Brompton Factory

Behind the scenes with Brompton

Having ridden in the Brompton World Championships in 2016 and again at the weekend in the 2017 final, I had the opportunity this week to take a tour around Brompton’s factory in London.

The tour begins with an overview of the company’s history, starting in 1975 when Andrew Ritchie first had his idea for a folding bicycle and over the next seven years he built various prototypes.

Brompton Museum Factory
An Original Design Brompton

By 1981 the design had improved and featured a bent main frame tube and main hinge assembly, fifty of these pre-production models were sold in order to raise capital after several appeals to banks and bike companies were turned down.  Most notably was this decision from Raleigh in 1982.

Letter to Andrew Ritchie from Raleigh Bicycles
1982 Letter from Raleigh

Little did they know then that they were rejecting a company that is now a classic icon for British design, engineering and manufacturing which can produce almost a thousand handmade bicycles a week.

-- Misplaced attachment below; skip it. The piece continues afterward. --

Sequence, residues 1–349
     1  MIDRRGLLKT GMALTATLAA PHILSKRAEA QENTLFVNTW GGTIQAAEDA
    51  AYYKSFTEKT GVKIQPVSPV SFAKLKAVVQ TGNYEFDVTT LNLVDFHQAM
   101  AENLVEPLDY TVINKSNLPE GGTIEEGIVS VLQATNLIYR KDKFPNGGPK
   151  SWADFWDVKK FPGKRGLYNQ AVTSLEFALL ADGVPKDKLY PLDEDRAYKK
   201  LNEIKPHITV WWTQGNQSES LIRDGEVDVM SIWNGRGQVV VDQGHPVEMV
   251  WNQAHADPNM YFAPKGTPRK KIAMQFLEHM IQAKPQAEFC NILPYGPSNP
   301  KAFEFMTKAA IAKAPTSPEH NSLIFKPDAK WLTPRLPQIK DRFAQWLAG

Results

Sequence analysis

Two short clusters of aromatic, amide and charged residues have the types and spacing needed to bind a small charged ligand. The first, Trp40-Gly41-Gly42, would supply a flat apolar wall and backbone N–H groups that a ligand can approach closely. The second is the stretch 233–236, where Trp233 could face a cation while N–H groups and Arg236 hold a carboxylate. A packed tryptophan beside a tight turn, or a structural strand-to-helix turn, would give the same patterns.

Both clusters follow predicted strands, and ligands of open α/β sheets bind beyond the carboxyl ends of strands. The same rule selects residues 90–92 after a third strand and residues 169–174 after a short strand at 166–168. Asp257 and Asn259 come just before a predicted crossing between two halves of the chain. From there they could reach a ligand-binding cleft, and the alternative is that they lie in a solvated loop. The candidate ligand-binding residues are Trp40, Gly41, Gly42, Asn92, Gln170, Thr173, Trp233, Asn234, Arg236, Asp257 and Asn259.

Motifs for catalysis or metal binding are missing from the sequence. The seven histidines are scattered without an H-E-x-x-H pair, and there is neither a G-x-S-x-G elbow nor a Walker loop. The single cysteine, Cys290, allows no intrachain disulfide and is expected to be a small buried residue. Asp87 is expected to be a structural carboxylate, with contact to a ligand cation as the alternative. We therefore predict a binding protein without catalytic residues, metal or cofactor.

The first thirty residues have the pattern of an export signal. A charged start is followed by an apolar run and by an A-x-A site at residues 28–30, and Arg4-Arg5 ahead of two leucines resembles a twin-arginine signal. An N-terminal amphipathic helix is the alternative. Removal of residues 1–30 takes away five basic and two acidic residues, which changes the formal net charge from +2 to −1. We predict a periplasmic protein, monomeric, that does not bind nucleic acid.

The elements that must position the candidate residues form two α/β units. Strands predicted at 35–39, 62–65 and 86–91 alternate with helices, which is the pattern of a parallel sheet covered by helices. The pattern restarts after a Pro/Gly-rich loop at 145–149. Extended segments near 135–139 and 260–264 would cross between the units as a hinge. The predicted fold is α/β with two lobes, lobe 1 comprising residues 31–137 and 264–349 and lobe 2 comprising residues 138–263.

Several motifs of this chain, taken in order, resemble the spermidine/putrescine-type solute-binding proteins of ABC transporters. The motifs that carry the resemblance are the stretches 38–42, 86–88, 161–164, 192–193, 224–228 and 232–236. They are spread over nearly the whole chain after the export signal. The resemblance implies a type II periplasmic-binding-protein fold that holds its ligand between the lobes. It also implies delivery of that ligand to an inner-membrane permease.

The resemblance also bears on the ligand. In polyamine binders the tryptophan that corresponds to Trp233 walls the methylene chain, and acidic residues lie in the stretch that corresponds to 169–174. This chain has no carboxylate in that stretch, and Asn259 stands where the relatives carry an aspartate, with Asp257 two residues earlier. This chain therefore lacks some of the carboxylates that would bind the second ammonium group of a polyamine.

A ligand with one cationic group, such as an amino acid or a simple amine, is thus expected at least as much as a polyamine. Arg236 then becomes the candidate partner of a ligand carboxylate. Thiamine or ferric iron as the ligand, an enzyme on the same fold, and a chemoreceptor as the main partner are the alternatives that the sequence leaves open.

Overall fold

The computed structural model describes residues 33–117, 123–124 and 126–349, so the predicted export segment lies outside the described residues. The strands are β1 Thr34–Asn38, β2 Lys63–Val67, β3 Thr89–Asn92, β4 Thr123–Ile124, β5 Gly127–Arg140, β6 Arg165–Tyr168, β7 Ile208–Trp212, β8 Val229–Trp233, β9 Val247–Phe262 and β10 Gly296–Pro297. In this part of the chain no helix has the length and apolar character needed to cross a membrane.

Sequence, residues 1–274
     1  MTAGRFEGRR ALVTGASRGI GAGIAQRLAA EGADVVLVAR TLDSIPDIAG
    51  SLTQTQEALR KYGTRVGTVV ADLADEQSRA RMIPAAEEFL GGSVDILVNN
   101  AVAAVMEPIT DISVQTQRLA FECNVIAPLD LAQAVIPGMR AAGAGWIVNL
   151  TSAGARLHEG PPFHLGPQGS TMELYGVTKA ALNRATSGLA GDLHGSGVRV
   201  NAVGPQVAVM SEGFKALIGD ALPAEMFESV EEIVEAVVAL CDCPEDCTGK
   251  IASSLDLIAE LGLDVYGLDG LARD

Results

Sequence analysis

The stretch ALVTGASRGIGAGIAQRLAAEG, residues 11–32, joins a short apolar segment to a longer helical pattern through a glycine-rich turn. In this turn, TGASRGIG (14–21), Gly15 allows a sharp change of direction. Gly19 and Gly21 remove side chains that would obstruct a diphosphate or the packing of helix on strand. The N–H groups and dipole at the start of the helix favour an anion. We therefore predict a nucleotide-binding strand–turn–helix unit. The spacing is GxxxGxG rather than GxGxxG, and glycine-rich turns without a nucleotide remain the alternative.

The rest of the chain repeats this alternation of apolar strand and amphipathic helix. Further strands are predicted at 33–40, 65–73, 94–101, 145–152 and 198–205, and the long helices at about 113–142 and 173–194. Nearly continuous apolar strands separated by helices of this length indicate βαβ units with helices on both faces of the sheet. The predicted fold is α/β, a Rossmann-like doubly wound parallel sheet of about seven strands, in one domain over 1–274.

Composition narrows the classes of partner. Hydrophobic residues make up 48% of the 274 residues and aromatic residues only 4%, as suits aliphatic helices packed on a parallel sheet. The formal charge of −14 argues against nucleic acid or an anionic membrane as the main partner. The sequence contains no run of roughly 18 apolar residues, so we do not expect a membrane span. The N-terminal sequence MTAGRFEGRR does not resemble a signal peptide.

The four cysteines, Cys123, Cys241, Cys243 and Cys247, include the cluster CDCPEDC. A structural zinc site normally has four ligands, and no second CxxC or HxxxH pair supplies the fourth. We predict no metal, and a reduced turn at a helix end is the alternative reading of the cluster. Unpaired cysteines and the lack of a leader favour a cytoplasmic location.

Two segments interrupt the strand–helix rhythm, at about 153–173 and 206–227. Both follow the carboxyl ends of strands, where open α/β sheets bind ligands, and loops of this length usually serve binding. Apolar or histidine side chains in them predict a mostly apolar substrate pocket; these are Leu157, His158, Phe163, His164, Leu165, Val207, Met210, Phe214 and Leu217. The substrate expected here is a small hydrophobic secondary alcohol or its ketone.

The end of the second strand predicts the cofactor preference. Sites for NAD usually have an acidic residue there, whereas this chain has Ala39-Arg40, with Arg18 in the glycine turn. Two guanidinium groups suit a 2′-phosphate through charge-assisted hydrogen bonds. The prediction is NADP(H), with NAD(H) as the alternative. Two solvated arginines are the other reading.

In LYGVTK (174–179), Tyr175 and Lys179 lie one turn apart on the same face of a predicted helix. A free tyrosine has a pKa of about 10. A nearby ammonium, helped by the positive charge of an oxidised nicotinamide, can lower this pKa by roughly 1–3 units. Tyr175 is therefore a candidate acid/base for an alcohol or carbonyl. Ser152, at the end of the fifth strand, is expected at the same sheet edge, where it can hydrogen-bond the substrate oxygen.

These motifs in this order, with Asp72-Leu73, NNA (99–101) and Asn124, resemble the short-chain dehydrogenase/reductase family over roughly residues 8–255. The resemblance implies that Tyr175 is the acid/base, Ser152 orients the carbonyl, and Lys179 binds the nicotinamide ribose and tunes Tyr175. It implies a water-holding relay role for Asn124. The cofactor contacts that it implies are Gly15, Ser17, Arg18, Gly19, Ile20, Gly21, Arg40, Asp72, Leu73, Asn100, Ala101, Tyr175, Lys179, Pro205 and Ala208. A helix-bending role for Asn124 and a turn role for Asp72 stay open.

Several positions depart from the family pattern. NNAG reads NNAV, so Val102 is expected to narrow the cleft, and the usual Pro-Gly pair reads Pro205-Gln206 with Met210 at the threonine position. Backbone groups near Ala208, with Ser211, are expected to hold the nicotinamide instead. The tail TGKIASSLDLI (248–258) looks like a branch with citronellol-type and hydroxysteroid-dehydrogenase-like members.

Production of the mark 1 commenced in 1982, the receipt for bicycle number 229 had a selling price of £239 (approx £755 in todays value).

Brompton Museum Factory
Mark 1 Brompton

Production halted in the mid-eighties until Julian Vereker, a Brompton enthusiast and friend of Andrew’s invested in the company.  Production restarted in 1986 and by 1987 the company moved to its first factory under a railway arch in Brentford. The new factory allowed full production of the mark 2 to start with the first bikes being delivered in 1988.

Brompton Museum Factory
1988 Mark 2

In 1993, due to an ever expanding business, production was moved from the railway arches to Bollo Lane a couple of miles away. Just five years later (1998) this new space was once again too small to meet the demands of production and the factory moved back to Brentford, which would be home to Brompton for the next 18 years.